Karmel Melamed was intrigued by the story of the Mullah’s donkey. Was the Jewish community under threat of death by a Persian mob in 1922 after allegedly obstructing the path of a Mullah, and did a US Jewish diplomat save them? Melamed finds that the story is true, and testifies to the long history of Persian antisemitism. Melamed writes in Jewish Journal:
The story of the “mullah’s donkey” was so appealing to me, I wanted to dig deeper by doing my own research to find out if it was just Iranian Jewish community folklore or truly a real and dangerous pogrom that was averted.
I turned to the book “Comprehensive History of the Jews of Iran” by Iranian Jewish historian, Dr. Habib Levy which verified the accuracy of the story and offered surprising details of the incident involving the “mullah’s donkey” that took place on September 4, 1922.
On that day, a servant of a Tehran mullah was riding his donkey past the Jewish school in the Jewish ghetto, when the school’s custodian stopped the donkey to prevent a group of children from colliding with the animal as they were exiting the school. The servant returned home to his master, the Islamic cleric or mullah “Agha Shayh Abd al-Nabi” and informed him of the incident that occurred with his donkey being held up for a group of Jewish children.
Ambassador Joseph Kornfeld: interceded on behalf of the Jews of Tehran
The Islamic cleric was furious because his donkey was held up by some “filthy Jews” and he demanded retribution for such an insult! After the mullah called for a general strike in the city, within hours all of the stores in Tehran were shut down and local thugs and hoodlums armed with sticks and clubs randomly beat up Jews they came across in streets and alleyways.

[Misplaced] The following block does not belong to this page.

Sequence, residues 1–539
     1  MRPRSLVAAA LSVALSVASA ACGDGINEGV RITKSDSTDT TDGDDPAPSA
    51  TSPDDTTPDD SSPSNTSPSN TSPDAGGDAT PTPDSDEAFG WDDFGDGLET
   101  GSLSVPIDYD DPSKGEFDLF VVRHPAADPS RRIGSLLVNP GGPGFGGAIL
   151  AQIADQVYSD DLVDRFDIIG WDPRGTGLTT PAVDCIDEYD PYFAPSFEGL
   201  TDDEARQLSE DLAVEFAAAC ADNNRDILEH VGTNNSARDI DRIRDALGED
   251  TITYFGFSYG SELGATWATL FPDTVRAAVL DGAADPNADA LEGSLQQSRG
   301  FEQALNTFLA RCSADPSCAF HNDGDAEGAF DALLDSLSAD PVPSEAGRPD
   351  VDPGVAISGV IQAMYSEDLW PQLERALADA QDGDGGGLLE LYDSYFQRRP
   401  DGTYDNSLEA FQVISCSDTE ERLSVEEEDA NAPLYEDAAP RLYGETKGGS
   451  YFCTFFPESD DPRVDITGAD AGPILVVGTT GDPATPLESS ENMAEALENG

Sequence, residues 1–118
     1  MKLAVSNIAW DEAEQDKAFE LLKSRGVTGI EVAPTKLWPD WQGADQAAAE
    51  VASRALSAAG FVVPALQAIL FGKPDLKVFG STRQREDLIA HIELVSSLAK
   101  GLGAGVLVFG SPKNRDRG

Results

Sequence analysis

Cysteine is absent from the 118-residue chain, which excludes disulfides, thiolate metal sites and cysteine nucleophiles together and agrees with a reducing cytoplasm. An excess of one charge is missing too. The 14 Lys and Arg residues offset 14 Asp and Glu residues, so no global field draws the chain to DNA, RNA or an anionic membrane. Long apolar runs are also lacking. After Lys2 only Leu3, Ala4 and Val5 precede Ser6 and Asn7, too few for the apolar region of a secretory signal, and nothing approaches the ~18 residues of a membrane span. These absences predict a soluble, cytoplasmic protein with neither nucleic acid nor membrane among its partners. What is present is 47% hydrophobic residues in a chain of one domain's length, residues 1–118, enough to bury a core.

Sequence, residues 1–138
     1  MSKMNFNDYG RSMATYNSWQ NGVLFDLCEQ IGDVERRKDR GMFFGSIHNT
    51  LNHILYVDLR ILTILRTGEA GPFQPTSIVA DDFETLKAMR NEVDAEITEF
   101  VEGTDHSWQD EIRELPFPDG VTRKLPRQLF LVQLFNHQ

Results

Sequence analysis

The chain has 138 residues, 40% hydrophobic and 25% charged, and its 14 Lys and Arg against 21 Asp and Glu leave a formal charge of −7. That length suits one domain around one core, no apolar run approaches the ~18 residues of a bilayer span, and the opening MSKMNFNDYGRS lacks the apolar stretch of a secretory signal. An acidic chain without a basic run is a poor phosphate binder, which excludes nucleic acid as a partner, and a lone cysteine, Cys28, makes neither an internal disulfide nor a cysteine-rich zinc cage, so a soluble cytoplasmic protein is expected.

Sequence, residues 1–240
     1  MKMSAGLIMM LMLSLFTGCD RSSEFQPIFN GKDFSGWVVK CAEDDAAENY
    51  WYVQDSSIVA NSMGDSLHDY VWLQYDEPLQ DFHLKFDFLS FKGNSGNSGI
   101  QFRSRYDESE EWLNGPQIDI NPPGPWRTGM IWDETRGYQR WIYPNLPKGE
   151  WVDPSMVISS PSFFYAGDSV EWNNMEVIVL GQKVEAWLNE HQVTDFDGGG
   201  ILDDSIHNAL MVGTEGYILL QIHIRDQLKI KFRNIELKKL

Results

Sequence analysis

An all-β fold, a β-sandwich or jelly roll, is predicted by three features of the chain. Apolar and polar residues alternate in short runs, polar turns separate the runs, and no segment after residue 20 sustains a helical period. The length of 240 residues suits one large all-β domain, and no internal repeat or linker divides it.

The following day thousands of armed rioters surrounded Tehran’s Jewish ghetto seeking vengeance.
The Jews of Tehran had nowhere to turn to for help but to their co-religionist, the American Ambassador Kornfeld and he did indeed intercede on their behalf.
Habib Levy states in his book that “on Friday morning, with the smell of death and blood in the air, the American Ambassador, a devout Jew, asked for help from the minister of war, Reza Khan Pahlavi, reminding him of the international consequences of this incident”.
Following the meeting between Kornfeld and Reza Khan, the minister of war at the time, dispatched the cavalry to the Jewish ghetto to break up the riot and again calm was restored with no Jews being slaughtered by the angry Muslim rioters. The imminent crisis had been averted and lives of thousands of Tehran’s Jews had been saved because of Kornfeld’s intervention on their behalf. Subsequently in 1925, Reza Khan took power in Iran and proclaimed himself the new king or Shah.